How a Global Reputation Is Changing an Amateur Derby

0
182


In the Netherlands, it is now what puts Spakenburg on the map. “I travel a lot for work, to Amsterdam, to Utrecht,” van Dierman said. “When people ask you where you are from, the first thing they say is: ‘Oh, Spakenburg. Are you a red, or are you a blue?’”

That fame, though, has spread well beyond the Dutch border. “We have had requests from fans from Belgium, Germany, Austria, everywhere,” said Henk van de Groep, IJsselmeervogels’s communications manager.

Muijs, too, has been inundated with requests. “There have been a lot of things on social media,” he said. “A few years ago, there was a list of the top 20 derbies in the world. Boca Juniors against River Plate was first. We were 19th. It’s not even a professional game!”

The game’s appeal is not the standard of play, but the theater that surrounds it. “It is a strong rivalry, but in a good way,” said Reinie van de Groep (no relation to Henk); she grew up here, but regards herself as a “purple.” “It is very humorous, very creative,” she said.

Fans of both clubs have, in the past, staged eye-catching stunts before the game. IJsselmeervogels fans released a live pig on Spakenburg’s field, a nod to their rivals’ reputation as the farmers’ team; Spakenburg responded by hiring a plane to release hundreds of inflatable toilet brushes over enemy territory. There have been banners depicting warlike Smurfs, and enormous, inflatable Vikings.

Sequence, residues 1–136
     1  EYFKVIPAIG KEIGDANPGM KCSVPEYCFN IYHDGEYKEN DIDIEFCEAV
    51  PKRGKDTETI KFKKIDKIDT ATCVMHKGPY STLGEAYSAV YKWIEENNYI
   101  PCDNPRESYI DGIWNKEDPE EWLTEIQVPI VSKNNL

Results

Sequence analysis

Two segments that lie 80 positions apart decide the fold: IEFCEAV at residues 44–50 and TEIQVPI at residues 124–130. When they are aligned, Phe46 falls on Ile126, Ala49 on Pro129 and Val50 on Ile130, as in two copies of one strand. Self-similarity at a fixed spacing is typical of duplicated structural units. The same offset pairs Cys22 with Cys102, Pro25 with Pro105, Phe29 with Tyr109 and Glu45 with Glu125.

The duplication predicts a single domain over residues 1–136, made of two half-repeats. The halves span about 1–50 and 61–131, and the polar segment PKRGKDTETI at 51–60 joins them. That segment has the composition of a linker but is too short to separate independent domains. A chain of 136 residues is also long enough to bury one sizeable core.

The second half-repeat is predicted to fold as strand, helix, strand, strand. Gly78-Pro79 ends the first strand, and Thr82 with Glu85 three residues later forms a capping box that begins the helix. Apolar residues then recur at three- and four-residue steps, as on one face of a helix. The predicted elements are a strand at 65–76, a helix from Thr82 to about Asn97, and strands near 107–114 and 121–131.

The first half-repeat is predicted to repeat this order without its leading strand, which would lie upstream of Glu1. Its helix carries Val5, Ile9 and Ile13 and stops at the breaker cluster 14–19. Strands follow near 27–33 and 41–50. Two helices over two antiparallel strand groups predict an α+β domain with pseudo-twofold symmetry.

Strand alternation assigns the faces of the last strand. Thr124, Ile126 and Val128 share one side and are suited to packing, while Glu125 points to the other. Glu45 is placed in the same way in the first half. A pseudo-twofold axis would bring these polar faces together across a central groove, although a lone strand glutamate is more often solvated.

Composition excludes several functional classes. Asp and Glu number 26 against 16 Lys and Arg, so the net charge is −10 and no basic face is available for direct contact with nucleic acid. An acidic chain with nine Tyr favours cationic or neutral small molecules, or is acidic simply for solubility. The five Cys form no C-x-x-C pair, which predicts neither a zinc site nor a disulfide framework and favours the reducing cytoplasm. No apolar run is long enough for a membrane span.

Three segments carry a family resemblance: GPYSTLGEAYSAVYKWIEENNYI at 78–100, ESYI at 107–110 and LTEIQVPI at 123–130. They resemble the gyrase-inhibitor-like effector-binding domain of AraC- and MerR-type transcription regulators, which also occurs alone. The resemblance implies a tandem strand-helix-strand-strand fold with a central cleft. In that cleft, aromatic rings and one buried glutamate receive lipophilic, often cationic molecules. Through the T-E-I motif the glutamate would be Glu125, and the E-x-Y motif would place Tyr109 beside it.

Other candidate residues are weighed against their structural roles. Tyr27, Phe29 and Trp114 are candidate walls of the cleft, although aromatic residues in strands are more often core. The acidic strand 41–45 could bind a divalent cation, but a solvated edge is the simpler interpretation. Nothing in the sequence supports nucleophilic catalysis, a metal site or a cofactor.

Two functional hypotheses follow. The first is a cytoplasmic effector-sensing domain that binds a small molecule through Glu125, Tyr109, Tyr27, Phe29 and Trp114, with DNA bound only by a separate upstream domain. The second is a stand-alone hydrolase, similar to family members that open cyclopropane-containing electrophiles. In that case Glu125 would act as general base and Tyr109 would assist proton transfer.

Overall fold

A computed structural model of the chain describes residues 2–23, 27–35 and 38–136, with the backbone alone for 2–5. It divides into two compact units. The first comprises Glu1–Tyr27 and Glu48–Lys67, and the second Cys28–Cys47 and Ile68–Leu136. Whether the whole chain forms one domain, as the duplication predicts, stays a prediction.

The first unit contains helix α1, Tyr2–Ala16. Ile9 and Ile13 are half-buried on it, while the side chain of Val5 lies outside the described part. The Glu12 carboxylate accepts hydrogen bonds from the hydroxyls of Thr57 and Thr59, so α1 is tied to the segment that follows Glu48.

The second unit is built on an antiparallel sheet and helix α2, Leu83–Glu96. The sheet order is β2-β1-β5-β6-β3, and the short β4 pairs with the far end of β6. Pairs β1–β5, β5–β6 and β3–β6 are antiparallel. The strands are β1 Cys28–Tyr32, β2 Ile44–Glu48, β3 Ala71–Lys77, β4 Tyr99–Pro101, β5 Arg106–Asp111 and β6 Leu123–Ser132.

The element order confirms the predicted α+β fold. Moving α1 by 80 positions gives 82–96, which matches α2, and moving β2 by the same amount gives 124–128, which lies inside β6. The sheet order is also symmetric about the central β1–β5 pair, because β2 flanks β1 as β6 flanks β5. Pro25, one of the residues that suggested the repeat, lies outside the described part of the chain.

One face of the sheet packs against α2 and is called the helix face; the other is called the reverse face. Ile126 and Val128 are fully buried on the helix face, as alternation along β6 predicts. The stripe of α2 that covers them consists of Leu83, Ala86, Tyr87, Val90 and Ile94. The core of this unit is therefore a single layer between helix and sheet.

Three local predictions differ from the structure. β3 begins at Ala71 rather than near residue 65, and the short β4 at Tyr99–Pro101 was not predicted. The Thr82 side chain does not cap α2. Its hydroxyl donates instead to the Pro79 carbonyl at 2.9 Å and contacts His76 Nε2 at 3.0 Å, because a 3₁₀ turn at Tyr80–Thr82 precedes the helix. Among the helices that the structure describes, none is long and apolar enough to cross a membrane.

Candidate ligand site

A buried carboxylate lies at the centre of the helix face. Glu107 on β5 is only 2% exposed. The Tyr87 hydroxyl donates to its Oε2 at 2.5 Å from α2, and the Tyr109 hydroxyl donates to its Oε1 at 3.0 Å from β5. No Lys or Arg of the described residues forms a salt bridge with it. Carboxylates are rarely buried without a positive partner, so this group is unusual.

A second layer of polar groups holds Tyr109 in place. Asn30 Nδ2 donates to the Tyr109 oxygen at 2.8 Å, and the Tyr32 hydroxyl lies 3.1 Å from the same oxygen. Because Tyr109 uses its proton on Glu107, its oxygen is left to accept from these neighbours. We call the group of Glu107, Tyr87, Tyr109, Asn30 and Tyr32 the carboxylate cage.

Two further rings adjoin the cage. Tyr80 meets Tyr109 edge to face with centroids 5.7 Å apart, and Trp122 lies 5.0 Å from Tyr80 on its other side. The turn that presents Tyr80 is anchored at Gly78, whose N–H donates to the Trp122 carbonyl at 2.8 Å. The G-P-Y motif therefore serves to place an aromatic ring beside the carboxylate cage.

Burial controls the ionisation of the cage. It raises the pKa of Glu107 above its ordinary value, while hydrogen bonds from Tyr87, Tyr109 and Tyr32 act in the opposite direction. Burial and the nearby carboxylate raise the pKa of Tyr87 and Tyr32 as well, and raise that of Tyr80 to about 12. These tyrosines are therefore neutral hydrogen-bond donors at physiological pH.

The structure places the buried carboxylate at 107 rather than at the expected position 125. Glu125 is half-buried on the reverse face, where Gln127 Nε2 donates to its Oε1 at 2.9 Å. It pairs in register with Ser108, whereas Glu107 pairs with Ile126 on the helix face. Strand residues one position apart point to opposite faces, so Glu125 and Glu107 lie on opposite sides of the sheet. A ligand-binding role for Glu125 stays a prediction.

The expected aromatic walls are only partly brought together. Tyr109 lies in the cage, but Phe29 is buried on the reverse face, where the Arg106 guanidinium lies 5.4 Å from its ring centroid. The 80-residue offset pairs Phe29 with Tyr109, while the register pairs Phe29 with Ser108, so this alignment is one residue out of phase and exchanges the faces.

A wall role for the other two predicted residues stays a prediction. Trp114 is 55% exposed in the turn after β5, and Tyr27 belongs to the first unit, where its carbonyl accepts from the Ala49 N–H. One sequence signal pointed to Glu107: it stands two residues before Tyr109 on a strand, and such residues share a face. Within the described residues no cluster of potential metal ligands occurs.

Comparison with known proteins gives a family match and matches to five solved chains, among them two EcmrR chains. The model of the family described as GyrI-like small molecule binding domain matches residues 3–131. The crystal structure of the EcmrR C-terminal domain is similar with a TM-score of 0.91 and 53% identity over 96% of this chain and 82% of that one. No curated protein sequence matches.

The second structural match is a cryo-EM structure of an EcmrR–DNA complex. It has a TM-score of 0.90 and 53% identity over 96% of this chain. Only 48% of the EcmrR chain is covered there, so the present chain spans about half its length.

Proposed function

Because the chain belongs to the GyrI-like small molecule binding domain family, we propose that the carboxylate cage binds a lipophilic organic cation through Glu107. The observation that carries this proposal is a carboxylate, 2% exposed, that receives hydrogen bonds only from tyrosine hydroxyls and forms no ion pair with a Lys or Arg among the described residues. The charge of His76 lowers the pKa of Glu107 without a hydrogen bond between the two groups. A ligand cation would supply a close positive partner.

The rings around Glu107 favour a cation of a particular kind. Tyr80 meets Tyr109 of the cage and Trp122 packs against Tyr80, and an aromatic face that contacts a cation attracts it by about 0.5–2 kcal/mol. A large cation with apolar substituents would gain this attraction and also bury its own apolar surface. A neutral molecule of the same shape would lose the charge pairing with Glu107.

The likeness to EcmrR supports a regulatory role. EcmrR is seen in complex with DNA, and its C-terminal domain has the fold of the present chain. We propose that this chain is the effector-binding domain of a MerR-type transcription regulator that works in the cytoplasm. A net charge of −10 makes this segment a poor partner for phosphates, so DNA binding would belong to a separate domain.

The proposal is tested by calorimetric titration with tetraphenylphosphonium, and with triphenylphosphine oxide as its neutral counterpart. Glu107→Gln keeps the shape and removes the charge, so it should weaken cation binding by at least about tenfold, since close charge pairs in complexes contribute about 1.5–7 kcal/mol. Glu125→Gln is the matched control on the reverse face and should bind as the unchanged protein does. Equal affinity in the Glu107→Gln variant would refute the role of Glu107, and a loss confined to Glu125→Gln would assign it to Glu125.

This edition’s efforts center on “La Casa de Papel,” a Spanish Netflix series about a heist at the Royal Mint in Madrid. Before the game, the home fans unveil a huge mural depicting several of their players in the show’s red hoodies, above the slogan “La Casa de los Pájaros”: the Bird Cage. On the field, six men, their faces concealed by Guy Fawkes masks — another nod to the series — fire toy machine guns into the air. Fans are handed masks as they enter. Even the away section, clad in blue, has them, though nobody can quite explain the significance of the reference.



Source : NYtimes